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Democracy in instrumental teaching: a threat to Western classical music in late modernity?
Halmstad University, School of Teacher Education (LUT), Research on Education and Learning within the Department of Teacher Education (FULL).ORCID iD: 0000-0002-2924-4100
2011 (English)In: The Seventh International Conference for Research in Music Education: Summaries & abstracts, 2011, 1 s.- p.Conference paper, Published paper (Refereed)
Abstract [en]

In this paper recent findings about how the lesson content is changing at Swedish community music and art schools is discussed. The change is not a consequence of active strategies for change but as a course of different tendencies in late modernity. The teachers are experiencing a decreasing influence of their own teaching practise. This is explained as an effect of a more democratic approach where their students both take and want a greater impact. The students are bringing their own music to the lessons, music styles that often connect to popular culture. An increased student influence is also constructed as something self-evidently good and is well in line with the idea of a more egalitarian relationship between teachers and students. Under those circumstances teachers find it more difficult to offer resistance and enforce their own ideas. The implication for the lesson content also seems to be rarely problematized and discussed among the teachers. Teachers are often well educated in the area of western classical music and find themselves playing hard rock and the latest hits with their influential students on traditional instruments used in western art music. But what possibilities are offered outside the field of popular music in late modernity? Are those tendencies just an inevitable development in our time or is it time to restore modern ideas in order to save valuable knowledge? Data consists of group conversations with teachers from six schools. All together 27 teachers in music (instrumental teaching), drama, media (photo and film), dance and art were participating. The theoretical and methodological approach is founded in social constructionism and post-structuralistic theory using the combination of discursive psychology and discourse theory. This two-sided approach is considered to be productive as it opens up for both a top-down and a bottom-up perspective.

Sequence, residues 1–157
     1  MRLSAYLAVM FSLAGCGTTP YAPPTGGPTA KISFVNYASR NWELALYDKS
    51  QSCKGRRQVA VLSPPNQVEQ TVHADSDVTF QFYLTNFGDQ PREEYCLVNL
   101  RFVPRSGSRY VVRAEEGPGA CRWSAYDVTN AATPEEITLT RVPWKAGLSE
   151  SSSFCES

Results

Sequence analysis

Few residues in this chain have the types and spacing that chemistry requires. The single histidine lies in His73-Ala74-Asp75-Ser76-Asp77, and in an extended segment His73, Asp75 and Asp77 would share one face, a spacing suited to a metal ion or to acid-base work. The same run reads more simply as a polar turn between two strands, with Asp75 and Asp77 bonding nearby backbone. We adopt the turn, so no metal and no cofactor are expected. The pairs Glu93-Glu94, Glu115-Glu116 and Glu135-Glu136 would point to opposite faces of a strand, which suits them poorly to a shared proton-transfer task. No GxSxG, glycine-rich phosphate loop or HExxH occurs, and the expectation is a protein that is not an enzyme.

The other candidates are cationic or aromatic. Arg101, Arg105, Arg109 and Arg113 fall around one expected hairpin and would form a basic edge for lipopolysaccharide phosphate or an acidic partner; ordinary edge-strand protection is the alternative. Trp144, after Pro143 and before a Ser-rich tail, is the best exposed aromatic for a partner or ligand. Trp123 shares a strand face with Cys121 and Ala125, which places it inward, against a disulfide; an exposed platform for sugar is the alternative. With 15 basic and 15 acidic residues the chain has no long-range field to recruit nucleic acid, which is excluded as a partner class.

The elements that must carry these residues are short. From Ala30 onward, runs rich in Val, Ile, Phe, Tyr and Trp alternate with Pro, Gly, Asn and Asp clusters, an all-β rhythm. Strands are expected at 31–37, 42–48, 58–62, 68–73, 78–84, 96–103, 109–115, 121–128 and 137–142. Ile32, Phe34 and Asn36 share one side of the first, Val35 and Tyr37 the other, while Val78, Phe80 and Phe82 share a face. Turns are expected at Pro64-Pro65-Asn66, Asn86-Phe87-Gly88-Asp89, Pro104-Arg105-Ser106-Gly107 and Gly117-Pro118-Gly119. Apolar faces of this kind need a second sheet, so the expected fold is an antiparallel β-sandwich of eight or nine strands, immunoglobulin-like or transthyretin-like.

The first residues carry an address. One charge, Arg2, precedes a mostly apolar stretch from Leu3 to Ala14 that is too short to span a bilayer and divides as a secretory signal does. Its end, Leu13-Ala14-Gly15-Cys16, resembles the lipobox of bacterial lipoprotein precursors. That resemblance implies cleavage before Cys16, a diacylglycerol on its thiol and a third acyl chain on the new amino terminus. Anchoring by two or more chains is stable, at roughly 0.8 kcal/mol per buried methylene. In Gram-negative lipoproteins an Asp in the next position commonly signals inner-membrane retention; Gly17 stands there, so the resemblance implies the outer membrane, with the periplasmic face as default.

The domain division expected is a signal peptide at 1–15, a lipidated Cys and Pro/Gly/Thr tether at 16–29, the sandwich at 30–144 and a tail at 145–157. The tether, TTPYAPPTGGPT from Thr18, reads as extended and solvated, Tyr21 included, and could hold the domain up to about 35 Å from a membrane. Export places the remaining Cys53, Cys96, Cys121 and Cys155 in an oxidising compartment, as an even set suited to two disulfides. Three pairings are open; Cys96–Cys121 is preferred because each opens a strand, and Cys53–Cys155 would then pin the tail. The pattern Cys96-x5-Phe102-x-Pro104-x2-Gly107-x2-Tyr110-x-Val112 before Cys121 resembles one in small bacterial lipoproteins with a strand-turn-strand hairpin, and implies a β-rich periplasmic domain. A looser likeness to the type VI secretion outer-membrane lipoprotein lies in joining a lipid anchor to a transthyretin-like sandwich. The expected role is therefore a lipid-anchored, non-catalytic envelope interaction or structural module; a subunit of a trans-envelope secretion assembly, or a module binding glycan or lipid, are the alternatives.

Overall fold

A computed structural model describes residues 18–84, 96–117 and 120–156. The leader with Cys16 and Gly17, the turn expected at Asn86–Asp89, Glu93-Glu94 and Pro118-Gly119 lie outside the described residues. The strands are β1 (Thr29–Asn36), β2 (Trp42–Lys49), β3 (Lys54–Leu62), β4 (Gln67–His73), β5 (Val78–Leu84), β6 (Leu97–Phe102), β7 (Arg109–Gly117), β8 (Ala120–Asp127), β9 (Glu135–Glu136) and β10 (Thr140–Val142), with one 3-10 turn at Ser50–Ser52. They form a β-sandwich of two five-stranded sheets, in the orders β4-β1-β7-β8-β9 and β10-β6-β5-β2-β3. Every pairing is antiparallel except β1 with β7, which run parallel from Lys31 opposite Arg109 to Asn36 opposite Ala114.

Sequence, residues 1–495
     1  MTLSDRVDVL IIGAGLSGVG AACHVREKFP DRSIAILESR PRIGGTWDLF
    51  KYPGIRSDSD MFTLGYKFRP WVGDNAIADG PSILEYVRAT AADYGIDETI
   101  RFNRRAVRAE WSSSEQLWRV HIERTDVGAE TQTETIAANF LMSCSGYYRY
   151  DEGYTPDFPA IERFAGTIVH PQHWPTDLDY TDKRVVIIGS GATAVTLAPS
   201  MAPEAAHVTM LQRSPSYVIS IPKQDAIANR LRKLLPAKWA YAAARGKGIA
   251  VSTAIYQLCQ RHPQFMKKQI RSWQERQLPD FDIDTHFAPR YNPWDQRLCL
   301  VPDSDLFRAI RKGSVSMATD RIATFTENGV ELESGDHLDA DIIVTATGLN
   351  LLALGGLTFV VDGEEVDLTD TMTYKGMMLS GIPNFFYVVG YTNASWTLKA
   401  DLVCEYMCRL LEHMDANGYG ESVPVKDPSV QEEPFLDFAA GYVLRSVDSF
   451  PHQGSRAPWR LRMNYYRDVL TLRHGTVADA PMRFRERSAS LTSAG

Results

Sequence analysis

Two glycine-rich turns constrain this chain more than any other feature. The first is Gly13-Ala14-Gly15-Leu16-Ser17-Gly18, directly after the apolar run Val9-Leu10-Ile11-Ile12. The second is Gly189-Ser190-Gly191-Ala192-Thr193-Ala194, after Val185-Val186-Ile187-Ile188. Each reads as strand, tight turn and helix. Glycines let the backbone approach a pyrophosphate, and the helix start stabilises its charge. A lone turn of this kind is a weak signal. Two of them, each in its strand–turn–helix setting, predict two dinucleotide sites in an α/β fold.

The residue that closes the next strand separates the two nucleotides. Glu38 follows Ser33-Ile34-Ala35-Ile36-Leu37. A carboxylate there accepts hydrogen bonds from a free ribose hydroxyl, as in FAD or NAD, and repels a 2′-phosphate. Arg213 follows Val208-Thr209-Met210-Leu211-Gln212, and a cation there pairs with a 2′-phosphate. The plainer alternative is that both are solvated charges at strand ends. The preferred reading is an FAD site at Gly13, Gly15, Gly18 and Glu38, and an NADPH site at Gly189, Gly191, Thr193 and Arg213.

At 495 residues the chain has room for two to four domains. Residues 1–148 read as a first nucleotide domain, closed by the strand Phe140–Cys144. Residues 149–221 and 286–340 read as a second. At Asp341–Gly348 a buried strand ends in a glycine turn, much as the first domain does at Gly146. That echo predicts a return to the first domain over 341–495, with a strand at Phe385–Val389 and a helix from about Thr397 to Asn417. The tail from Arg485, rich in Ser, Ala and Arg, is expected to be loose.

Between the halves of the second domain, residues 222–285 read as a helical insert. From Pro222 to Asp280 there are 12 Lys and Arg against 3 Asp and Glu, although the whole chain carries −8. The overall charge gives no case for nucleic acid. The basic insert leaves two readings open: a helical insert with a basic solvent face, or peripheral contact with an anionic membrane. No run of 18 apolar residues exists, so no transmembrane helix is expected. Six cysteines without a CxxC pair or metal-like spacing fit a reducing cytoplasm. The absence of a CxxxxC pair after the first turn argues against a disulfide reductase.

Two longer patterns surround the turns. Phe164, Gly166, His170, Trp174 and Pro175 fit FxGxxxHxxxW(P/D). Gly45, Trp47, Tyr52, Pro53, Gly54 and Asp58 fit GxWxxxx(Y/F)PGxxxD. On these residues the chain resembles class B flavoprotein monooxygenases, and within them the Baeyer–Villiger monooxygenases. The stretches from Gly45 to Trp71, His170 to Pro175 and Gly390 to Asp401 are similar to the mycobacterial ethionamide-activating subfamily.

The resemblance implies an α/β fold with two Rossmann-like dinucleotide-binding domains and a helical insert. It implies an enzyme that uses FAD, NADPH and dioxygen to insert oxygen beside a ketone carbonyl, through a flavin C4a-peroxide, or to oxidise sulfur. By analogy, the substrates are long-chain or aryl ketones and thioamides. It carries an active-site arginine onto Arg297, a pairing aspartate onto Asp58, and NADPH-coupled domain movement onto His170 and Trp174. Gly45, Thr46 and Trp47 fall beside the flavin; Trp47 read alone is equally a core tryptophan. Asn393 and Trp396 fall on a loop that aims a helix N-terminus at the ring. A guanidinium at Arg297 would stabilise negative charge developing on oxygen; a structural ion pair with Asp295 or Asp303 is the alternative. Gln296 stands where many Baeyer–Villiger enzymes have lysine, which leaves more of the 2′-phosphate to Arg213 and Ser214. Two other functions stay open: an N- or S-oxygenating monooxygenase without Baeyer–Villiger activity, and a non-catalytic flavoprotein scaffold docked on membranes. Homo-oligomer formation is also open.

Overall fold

Place, publisher, year, edition, pages
2011. 1 s.- p.
National Category
Social Sciences
Identifiers
URN: urn:nbn:se:hh:diva-16776OAI: oai:DiVA.org:hh-16776DiVA: diva2:466955
Conference
The 7th International Conference for Research In Music Education (RIME), University of Exeter, School of Education and Lifelong Learning. April 12-16, 2011
Available from: 2011-12-17 Created: 2011-12-17 Last updated: 2013-11-15Bibliographically approved

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CiteExportLink to record
Permanent link

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Cite
Citation style
  • apa
  • ieee
  • modern-language-association-8th-edition
  • vancouver
  • Other style
More styles
Language
  • de-DE
  • en-GB
  • en-US
  • fi-FI
  • nn-NO
  • nn-NB
  • sv-SE
  • Other locale
More languages
Output format
  • html
  • text
  • asciidoc
  • rtf